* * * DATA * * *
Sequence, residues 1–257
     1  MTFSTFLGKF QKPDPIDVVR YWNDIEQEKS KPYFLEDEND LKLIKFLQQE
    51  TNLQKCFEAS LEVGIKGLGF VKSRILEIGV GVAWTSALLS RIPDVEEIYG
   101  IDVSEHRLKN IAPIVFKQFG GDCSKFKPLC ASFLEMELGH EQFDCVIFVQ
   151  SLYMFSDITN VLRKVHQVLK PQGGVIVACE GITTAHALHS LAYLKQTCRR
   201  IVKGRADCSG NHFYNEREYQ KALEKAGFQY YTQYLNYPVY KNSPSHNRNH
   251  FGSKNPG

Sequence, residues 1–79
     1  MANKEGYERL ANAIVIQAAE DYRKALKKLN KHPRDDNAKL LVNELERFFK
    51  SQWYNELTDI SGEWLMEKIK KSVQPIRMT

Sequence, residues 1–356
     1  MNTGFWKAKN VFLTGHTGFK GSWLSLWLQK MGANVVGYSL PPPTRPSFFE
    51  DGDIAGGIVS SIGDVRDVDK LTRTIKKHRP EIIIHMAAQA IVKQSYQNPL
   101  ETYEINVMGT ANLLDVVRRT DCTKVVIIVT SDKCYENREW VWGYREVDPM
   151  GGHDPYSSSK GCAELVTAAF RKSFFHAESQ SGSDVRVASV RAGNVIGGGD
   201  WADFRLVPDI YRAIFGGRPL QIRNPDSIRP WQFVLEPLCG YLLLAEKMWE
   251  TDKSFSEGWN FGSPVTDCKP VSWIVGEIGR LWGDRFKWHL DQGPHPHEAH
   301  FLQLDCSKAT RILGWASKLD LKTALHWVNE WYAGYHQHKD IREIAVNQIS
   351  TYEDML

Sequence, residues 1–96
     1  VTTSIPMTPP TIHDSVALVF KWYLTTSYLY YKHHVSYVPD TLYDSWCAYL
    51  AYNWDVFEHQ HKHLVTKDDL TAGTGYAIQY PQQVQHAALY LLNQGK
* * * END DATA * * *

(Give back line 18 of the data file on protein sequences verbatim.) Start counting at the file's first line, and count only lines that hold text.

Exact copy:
   301  FLQLDCSKAT RILGWASKLD LKTALHWVNE WYAGYHQHKD IREIAVNQIS